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Arrays in C

mikkel250 profile image mikkel250 Updated on ・4 min read

Basics of the C programming language (20 Part Series)

1) Functions in C 2) Arrays in C 3 ... 18 3) Strings in C 4) String functions in C 5) Setting up VSCode for C in linux 6) Pointer basics in C 7) Advanced pointer operations in C 8) Pointers: Const, Void, and Arrays 9) Pointers arithmetic 10) Pointers and strings 11) Passing by value, passing by reference in C 12) Dynamic memory allocation in C 13) Structures in C 14) Structures and arrays in C 15) Nested structures in C 16) Structures and pointers in C 17) Structures and functions in C 18) File input and output in C 19) Reading file contents in C 20) Writing to files in C

Creating and using arrays

In C, once you create an array, the type and size must be declared, and those values are immutable. In other words, the size cannot be made greater or smaller, and the data type stored inside cannot be changed (e.g. you can't change it so it stores floats if the type was declared as integer when the array was created).
To put it more succinctly: arrays in C are data structure with a fixed number of items that are all the same type.

Declaring an array

Declaring an array is similar to variable declaration, with the brackets at the end indicating size. Declare them using the following format:

dataType arrayName[numberOfElements];
int myArray[10];

Arrays act much like they do in other languages:

  • Arrays are zero-indexed (start at 0). Access elements using the index number, e.g. myArray[4] will get the 5th element of the array. Expressions can also be placed inside the brackets, e.g. myArray[myArray.length -1]
  • The compiler will not catch out of bounds errors. Using an expression or variable for an index value that is outside the bounds of the array will cause problems, known as an out of bounds error, which can cause the program to crash, or other errors in the program that will cause it to malfunction.
  • One thing to bear in mind that can be a bit confusing for new programmers, is that even though arrays are zero-indexed, the numbers used when declaring them are not. So array[10] creates an array with ten elements, but their indexes run from 0 through 9.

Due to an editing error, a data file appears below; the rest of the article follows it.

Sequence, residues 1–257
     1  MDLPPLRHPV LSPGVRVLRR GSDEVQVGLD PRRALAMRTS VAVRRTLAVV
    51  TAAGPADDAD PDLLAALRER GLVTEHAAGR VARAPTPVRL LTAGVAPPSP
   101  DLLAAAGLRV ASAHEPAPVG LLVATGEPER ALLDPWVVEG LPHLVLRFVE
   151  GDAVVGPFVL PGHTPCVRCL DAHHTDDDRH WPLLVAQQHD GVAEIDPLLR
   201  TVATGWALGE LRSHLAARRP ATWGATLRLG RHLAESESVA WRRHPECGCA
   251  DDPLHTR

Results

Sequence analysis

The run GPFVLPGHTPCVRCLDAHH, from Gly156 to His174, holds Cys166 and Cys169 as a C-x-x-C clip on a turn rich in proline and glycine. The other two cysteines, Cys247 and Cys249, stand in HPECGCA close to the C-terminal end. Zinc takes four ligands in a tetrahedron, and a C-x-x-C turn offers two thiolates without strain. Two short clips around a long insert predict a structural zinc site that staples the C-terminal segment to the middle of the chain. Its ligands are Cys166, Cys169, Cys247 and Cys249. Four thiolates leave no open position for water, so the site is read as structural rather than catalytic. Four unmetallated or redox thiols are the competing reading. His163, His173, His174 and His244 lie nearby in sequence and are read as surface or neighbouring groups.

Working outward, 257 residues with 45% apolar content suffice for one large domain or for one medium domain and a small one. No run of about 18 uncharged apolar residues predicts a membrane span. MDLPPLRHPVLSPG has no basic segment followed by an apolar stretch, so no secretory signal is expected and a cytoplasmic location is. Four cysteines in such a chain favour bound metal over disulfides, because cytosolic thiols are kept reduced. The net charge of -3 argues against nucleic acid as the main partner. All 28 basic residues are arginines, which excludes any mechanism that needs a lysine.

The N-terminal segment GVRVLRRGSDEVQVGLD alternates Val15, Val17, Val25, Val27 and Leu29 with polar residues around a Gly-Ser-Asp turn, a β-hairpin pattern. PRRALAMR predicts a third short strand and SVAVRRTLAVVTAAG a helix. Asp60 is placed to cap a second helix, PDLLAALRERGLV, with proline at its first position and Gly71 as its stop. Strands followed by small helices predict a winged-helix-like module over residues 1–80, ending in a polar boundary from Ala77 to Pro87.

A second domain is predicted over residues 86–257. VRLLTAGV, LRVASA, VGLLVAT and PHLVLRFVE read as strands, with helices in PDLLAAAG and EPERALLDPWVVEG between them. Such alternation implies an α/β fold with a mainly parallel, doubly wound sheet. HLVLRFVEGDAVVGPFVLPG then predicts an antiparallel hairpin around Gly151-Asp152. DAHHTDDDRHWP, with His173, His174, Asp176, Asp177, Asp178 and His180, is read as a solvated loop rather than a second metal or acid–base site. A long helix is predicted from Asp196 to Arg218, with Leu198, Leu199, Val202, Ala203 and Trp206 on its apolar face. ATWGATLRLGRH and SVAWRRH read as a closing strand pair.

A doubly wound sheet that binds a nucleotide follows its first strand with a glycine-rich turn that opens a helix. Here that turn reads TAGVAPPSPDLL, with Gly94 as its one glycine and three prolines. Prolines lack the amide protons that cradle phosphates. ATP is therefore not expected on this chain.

Assignment

Elements values are assigned as in other languages:
myArray[4] = 123; // assigns the value 123 to the fifth element of the array

Initializing an array (assigning initial values)

To declare an array and initialize with values, provide the values inside a pair of curly brackets, separated by commas:
int myArray[10] = {1, 2, 3, 4, 5, 6, 7, 8, 9, 10};

If elements are not assigned, they will be set to 0.
In the C99 standard, the index can be specified in the curly brackets, in any order:

float myArray[4] = {[2] = 500.5, [1] = 300.0, [0] = 100.0};
// results in array [100.0, 300.0, 500.5, 0, 0]

Note that, if the index is specified, as in the above example, the following elements will count up from the last assigned element.

float myArray[10] = {[2] = 500.5, 300.0, [7] = 100.0};
//results in array [0, 0, 0, 500.5, 300.0, 0, 0, 0, 100.0, 0, 0]

There is no shortcut to assign all elements to the same value like some other languages provide.
If you want to assign many of the same or sequential values at the same time, your best bet is to use a for loop.

Variable length arrays

The name is a bit misleading -- what variable length in this case means in this case that you can specify the size of the array with a variable. The array itself will stay the same size after creation and cannot be altered. This feature was introduced in C99, mainly to make C work better with other libraries or languages such as Fortran, and may be referenced in documentation.